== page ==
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IN RE INDUSTRIAL ASSOCS.

October 8, 1957

In the Matter of INDUSTRIAL ASSOCIATES, INCORPORATED, Debtor


The opinion of the court was delivered by: LORD

This matter arises on the petition of the Philadelphia National Bank, respondent, for review of an order of the referee in bankruptcy. Petitioner (hereinafter referred to as 'Bank') asks that the referee's order be set aside on the ground that the subject matter was not within the summary jurisdiction of a court of bankruptcy. The Bank further argues that in any event the referee's findings of fact and conclusions of law are erroneous, and the order based thereon must accordingly be reversed.

Resisting the petition, the trustee in bankruptcy denies these contentions in all respects. He argues also that regardless of the foregoing, petitioner has consented to the summary adjudication by the referee by filing his proof of claim after the hearing.

 The opinion and order of the referee sur turnover petition of trustee against Philadelphia National Bank commences with the following:

 'Statement of Case

 'The receiver in bankruptcy filed his petition with the Referee for a rule to show cause why the Philadelphia National Bank should not be directed to turn over to him forthwith the sum of $ 3,997.73, representing the balance on deposit to the credit of the debtor corporation.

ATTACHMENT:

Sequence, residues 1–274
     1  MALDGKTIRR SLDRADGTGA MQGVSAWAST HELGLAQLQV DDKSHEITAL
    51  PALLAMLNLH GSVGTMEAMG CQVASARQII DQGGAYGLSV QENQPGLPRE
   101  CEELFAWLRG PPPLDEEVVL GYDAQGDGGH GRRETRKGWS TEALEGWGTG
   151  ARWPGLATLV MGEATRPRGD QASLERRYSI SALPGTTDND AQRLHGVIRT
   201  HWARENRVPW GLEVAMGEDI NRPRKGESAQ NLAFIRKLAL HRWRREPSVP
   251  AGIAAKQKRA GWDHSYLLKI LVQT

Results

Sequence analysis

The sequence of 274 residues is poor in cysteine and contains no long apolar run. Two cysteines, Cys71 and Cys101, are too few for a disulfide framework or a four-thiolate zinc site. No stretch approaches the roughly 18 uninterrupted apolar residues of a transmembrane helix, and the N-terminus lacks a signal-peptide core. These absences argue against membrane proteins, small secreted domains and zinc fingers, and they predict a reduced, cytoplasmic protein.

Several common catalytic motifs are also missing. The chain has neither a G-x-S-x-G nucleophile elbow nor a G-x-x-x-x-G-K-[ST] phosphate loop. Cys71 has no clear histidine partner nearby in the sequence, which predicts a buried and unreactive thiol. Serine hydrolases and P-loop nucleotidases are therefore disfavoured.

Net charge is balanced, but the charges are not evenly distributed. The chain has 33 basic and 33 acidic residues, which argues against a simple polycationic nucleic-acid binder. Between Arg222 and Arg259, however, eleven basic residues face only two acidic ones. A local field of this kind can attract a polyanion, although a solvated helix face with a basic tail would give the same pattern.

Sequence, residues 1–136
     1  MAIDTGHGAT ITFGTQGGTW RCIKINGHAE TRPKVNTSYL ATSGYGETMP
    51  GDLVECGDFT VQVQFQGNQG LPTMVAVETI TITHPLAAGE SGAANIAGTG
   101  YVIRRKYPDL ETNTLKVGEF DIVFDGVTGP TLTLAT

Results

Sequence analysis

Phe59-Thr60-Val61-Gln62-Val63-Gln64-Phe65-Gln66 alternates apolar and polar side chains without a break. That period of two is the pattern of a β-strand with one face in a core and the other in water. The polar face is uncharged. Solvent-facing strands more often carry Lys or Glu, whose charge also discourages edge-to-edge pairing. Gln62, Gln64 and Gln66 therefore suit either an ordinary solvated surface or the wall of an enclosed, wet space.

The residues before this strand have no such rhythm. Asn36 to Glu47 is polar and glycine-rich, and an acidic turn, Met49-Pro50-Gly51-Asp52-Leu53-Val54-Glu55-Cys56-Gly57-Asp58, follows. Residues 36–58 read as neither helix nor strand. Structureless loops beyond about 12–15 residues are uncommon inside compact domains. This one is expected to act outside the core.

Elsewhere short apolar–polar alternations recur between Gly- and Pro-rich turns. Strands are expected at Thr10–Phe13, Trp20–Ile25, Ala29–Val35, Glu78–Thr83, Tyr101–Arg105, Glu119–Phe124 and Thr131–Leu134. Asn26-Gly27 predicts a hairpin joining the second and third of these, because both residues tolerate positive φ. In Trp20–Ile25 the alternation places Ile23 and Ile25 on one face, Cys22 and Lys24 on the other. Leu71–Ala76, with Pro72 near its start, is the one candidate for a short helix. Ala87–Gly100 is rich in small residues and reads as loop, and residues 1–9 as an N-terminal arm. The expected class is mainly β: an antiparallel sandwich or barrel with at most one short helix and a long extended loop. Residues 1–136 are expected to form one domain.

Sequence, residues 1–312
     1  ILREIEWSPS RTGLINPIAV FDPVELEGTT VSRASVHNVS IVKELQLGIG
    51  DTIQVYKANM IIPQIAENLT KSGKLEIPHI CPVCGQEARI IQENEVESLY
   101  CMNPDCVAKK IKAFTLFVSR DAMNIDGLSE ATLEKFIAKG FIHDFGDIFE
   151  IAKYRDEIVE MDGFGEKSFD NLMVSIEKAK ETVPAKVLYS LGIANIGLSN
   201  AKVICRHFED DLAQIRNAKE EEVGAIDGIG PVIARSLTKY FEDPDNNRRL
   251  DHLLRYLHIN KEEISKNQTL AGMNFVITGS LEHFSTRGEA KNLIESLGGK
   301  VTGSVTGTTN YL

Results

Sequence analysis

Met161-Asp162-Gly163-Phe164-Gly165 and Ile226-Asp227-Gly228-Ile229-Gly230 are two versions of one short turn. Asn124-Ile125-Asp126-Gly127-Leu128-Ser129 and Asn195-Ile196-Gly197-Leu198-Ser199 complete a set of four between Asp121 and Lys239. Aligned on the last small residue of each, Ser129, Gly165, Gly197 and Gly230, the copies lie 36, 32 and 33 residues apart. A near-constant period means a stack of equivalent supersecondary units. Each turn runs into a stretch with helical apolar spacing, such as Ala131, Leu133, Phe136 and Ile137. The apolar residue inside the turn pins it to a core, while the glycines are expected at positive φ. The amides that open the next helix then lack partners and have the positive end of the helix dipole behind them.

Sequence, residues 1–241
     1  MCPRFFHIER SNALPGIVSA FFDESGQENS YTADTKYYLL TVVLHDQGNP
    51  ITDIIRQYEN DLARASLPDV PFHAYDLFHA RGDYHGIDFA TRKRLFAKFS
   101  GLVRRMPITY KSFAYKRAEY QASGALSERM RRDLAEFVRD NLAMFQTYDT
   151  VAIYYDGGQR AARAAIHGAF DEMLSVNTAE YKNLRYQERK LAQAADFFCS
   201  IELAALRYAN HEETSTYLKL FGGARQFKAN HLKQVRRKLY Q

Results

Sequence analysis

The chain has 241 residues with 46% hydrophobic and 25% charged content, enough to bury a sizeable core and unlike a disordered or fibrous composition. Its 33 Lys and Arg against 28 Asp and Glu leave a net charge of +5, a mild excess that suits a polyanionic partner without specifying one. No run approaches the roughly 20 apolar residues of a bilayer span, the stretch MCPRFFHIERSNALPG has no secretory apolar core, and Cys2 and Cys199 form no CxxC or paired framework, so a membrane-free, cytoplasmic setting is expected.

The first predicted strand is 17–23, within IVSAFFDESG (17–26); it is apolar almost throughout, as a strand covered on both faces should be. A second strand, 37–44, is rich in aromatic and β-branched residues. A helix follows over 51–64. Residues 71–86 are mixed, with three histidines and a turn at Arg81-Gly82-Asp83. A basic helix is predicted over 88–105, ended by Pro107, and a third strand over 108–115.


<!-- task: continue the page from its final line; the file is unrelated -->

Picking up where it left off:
'To this petition the Bank filed an answer, denying almost all the averments of the petition, and setting up as an affirmative defense the lack of summary jurisdiction in the bankruptcy court.

 'At the hearing on the petition each side submitted one witness, the trustee in bankruptcy, G. Potter Darrow, and Daniel H. Ort, an employee of the Bank.

 'Mr. Ort testified that on November 15th, 1956, the account had a balance of $ 4369.13; one check for $ 371.40 came through, leaving a balance of $ 3997.73 on November 16th; no deposits were made nor checks presented for payment by the receiver.'

 Thereafter the opinion sets out the basic principles and authorities applicable to the question of summary jurisdiction. Turning to the testimony, the referee interprets it as showing that the Bank in fact turned over the account in question to the receiver, and subsequently withdrew it from his control and custody. It follows, he adds, that there is no real question involved; that the funds are in the constructive control of the bankruptcy court; and that the claim of the Bank is merely colorable.

 The challenged findings of fact restate that position, and the three conclusions of law accordingly are as follows:

 '1. There is no real question of law involved.

 '2. The Bankruptcy Court has summary jurisdiction of the Receiver and of the Respondent Bank, with power to adjudicate summarily the issues raised by Receiver's petition and Respondent's answer and affirmative defense.

 '3. The Respondent has in its possession or under its control the sum of $ 3,997.13, which it holds in trust for G. Potter Darrow, Receiver, and must turn over or make available forthwith said ...


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